I answered your other post, but I would like to address the last point 2(c). Common Core is just a list of standards, i.e. topics to cover, along with some mathematical principles. It is not a curriculum. Whether a particular textbook is helpful to a student with dyslexia and how much visual or pictorial is included depends on the textbook writers, not Common Core. One of the tenets of Primary Mathematics is concrete to pictorial to abstract, and so there is quite a bit of pictorial. There is also minimal text (more pictures than words). So that could help too. One thing that has led to issues with Common Core is the interpretation of the Mathematical Principles by various writers/educators/whatever.. Explain your reasoning, does that mean write a paragraph in words to explain your answer or what? Well, it depends on the interpretation. Critiquing answers, does that mean finding why another student got an answer wrong, or... Some curricula writers might emphasize Explain your Reasoning over actually having them reason accurately even if they can't put it in words. Some kids who are very good at math do not yet have the verbal abilities, nor necessarily the words if their reasoning does not follow the accepted or taught methods. So explain your reasoning to them ends up meaning they have to solve it the way the teacher told them, because the teacher gave them a model writing sample for explaining....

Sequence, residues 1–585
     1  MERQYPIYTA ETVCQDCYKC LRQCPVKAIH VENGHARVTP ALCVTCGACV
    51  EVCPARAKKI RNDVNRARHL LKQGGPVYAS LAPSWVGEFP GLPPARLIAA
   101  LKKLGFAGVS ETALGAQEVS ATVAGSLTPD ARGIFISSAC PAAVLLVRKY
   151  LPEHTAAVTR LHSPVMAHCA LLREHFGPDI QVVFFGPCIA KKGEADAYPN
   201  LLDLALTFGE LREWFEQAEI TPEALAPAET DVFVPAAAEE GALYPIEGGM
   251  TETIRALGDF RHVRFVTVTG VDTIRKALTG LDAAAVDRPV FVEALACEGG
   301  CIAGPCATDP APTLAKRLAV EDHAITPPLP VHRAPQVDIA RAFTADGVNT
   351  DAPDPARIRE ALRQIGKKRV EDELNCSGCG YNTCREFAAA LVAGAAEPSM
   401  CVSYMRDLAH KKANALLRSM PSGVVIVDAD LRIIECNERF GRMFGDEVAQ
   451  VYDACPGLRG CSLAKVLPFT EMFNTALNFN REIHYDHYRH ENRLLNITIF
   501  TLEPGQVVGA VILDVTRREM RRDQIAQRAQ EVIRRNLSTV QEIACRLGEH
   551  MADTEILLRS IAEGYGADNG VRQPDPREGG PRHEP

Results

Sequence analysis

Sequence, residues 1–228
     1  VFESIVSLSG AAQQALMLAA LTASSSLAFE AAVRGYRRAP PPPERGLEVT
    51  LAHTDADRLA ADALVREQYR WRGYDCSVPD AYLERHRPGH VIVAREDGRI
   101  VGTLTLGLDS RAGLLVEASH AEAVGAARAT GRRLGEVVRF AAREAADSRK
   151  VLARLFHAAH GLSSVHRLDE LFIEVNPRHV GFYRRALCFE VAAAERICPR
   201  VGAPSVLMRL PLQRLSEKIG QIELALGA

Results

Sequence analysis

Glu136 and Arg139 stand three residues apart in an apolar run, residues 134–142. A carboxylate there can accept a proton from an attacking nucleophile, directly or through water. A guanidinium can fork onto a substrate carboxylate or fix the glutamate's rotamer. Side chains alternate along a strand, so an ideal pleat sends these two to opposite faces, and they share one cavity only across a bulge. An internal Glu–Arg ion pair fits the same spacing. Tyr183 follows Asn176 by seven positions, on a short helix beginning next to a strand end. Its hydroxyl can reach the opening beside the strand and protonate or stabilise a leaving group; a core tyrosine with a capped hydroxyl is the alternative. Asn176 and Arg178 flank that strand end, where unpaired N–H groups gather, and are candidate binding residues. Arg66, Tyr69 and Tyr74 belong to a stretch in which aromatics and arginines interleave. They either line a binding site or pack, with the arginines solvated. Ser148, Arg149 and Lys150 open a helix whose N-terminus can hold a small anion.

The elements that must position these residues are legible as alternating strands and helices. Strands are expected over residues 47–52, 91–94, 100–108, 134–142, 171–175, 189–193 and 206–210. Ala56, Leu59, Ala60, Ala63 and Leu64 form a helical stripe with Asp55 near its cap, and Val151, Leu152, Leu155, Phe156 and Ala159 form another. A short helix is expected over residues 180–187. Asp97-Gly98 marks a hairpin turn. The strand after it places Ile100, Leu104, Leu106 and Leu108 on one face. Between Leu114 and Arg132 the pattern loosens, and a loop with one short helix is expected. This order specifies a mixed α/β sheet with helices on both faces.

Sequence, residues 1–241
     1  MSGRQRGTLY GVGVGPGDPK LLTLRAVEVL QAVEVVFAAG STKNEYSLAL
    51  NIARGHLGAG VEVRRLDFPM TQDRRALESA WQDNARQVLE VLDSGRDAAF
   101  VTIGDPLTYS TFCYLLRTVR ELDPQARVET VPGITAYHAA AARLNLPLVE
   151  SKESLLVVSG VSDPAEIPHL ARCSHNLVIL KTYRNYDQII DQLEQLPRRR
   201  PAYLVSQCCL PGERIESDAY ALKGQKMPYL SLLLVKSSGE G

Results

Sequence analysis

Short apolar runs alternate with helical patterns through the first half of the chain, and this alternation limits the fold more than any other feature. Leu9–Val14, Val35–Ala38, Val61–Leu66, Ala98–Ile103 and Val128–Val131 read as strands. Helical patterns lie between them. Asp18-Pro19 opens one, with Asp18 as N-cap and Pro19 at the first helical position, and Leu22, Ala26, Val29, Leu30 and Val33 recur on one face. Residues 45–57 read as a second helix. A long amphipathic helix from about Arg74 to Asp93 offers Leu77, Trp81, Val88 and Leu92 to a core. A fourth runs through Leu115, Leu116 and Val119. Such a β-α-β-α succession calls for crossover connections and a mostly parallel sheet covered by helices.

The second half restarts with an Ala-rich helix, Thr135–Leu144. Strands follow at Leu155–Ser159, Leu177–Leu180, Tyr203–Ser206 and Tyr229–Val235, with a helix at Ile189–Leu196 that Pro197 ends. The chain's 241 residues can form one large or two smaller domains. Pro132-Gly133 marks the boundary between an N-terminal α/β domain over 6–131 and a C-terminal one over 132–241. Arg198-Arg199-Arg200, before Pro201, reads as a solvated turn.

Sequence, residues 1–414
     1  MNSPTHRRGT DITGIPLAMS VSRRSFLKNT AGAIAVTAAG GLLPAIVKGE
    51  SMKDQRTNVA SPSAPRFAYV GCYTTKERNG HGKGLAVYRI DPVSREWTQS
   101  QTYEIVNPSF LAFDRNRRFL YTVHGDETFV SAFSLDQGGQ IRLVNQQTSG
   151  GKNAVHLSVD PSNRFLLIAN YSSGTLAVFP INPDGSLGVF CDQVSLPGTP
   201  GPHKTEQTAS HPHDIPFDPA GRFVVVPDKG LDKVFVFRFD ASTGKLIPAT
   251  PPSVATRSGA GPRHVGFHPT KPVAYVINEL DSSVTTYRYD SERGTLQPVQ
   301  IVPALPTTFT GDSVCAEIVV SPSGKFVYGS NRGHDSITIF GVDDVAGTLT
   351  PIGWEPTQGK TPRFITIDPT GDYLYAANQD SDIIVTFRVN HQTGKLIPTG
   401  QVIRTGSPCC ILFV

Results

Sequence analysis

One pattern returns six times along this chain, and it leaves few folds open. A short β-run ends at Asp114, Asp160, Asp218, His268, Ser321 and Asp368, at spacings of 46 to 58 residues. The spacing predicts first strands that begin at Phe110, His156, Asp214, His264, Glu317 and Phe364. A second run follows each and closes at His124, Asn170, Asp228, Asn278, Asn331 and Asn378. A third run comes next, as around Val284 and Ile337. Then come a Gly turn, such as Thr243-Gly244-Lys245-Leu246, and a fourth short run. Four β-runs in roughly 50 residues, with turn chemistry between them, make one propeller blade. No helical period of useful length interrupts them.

The books we label Common Core simply have added topics when needed, e.g. line plots of measurements to nearest fraction of an inch. All three editions are similar in basic content. And all three do not strictly follow Common Core requirements at grade level, fore example, there is multiplication in grade 2, which is not Common Core, (which is why Primary Mathis not on California's list of approved textbooks. This is based on Singapore's original Primary Mathematics, not on US math. I suppose whether it would be confusing for your child, which would be the case for any of our editions, is whether you plan to teach the content, or just hand him books and assume he knows how to do all the math from what he has learned or not learned in school. None of the editions will align exactly. Please see http://www.singaporemath.com/FAQ_Primary_Math_s/15.htm and http://www.singaporemath.com/v/PMSS_comparison.pdf I do recommend actually teaching/interacting/doing lessons with him, and I think that unless you are concerned about every topic being covered (those not covered in the other two editions are not essential to an understanding of math), the Standards edition has the best Home Instructor's Guide. The Standards edition follows what used to be California's standards (same caveat, it includes them all, but is still a bit advanced), but since California adopted Common Core, it no longer does.